Jones is the more pragmatic of the duo; something that is clear from their respective routes into the notoriously difficult world of start-ups. “My path was a little bit different because Adam had discovered start-up land and was interested in that. That’s how he then created the opportunities within Post to go up and play in that space. For me, I had no intention of doing any of that. I was climbing the corporate ladder determinedly and I was doing everything I could to keep on going.”

“It just happened to be when I had that coffee with Adam that my secondment was coming to an end and I didn’t want to go back to being a risk manager. I just didn’t want to go back to my day job. Then he told me what he was doing, that he was getting paid to play a co-founder essentially, and I thought: ‘Okay, that’s totally a thing that I need to go o and do.’” In the end, it was the tantalising prospect of decamping from corporate bureaucracy that sold Jones to the idea of tackling Cynch full-time. “So much of being in a large corporate is just working within the machine. Even when you’re really amazing at your job, does it really actually impact somebody else’s life? After the project got shut down, we went back to our day jobs. I was living with a split personality because I spent nights and weekends working on Cynch with Adam but every other day in risk management and corporate bureaucracy.”

After 15 months of working on Cynch as a side project, Jones had had enough. “Some months we didn’t get to touch Cynch at all. Some months life got too busy and it was too hard. We’d come back two months later and then have to figure out where we were up to, which was incredibly frustrating. Eventually, I was getting a massage and I actually allowed myself to think about what life would be like if I was working on Cynch full-time. By the time I’d got o the massage table, I decided I would quit, and that was that.”

“I messaged Adam and said: ‘Hey, pretty sure I’m going to resign on Monday to work on Cynch. How do you feel about that?’ Then I went home and had a three-minute conversation with my husband, who said, ‘Sure.’ And off I went.”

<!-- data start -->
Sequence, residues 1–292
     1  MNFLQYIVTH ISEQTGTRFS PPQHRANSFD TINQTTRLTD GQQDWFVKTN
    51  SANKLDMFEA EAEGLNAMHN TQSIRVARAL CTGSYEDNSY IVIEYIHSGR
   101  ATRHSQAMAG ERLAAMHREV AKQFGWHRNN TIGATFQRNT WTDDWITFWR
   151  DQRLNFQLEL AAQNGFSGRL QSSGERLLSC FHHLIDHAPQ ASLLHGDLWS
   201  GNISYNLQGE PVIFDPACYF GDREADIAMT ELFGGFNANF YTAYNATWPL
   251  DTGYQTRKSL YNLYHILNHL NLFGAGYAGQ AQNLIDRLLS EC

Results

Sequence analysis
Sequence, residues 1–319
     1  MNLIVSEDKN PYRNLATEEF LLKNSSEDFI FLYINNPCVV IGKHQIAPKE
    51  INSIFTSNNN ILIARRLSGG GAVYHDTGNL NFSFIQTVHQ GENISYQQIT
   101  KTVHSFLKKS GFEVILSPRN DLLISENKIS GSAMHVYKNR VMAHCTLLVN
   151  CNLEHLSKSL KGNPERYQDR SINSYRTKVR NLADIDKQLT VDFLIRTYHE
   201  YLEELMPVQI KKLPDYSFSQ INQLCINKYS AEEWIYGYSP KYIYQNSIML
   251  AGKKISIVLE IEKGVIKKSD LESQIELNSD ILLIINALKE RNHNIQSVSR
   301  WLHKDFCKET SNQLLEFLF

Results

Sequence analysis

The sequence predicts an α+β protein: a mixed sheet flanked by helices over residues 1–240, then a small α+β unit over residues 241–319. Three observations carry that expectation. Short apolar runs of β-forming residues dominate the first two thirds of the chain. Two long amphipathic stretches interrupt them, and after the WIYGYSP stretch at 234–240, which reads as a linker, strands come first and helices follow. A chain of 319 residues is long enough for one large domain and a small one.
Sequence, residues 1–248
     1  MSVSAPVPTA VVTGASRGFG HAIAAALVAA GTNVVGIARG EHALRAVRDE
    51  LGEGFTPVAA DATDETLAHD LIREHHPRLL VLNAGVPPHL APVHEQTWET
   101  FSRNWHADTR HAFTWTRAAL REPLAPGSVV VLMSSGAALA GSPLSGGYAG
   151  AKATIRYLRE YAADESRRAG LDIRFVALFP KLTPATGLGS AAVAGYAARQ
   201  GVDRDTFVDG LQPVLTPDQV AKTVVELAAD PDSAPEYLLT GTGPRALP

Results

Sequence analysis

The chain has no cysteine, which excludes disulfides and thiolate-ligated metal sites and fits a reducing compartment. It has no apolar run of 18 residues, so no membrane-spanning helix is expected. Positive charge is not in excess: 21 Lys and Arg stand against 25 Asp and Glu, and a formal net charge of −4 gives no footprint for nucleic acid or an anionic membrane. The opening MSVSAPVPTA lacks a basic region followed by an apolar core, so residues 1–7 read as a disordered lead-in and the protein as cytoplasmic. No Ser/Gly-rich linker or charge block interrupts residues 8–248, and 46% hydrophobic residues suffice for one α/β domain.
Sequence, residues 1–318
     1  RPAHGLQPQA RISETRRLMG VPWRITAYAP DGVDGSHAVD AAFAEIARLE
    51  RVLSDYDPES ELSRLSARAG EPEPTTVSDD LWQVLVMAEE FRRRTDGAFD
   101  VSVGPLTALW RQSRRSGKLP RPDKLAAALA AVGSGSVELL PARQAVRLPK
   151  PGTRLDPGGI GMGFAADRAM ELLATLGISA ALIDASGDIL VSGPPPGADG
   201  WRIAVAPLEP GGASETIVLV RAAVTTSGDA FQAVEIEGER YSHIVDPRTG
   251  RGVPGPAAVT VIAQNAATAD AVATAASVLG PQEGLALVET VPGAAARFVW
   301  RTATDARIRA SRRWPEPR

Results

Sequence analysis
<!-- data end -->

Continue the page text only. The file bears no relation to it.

The next step for this double act was gaining a place on the CyRise Accelerator (a cyber security venture accelerator program, powered by Dimension Data/NTT and Deakin University); something Selwood attributes wholly to Jones’s fearlessness in leaving her day job. “The programme that we were applying for at the time, we didn’t know if we’d been accepted but Susie said: ‘I’m going to go do this regardless.’ Ultimately, I think that was possibly the thing that got us into the programme – you actually just stating: ‘I’m doing this whether or not you’re involved, guys.’ And they said: ‘Okay, someone who’s got the balls to do that should really get involved in this.’”

Conversation easily flits between Selwood and Jones, sometimes to the point where you feel like a third wheel, but it is clear their natural rapport is one of the key reasons for the incredible success of the business. Cynch was one of just two international finalists in the NYCx Cybersecurity Moonshot Challenge. The event, run by the NYC Mayor’s Office of the Chief Technology Officer, was launched in late 2018 to tackle how to make every small and mid-sized business in New York City and beyond as resilient to cyber security attacks as the Fortune 500 companies. Despite ultimately not winning the challenge, the team are undoubtedly onto a good idea.



With failure always looming on the doorstep of startups, it is of little surprise that Selwood and Jones have a laundry list of mistakes they’ve made along the way, lessons they are keen for other entrepreneurial risk managers to learn from. “Save money,” says Jones. “Save as much as you can before you make the leap, because it will give you more of a runway to take off from.”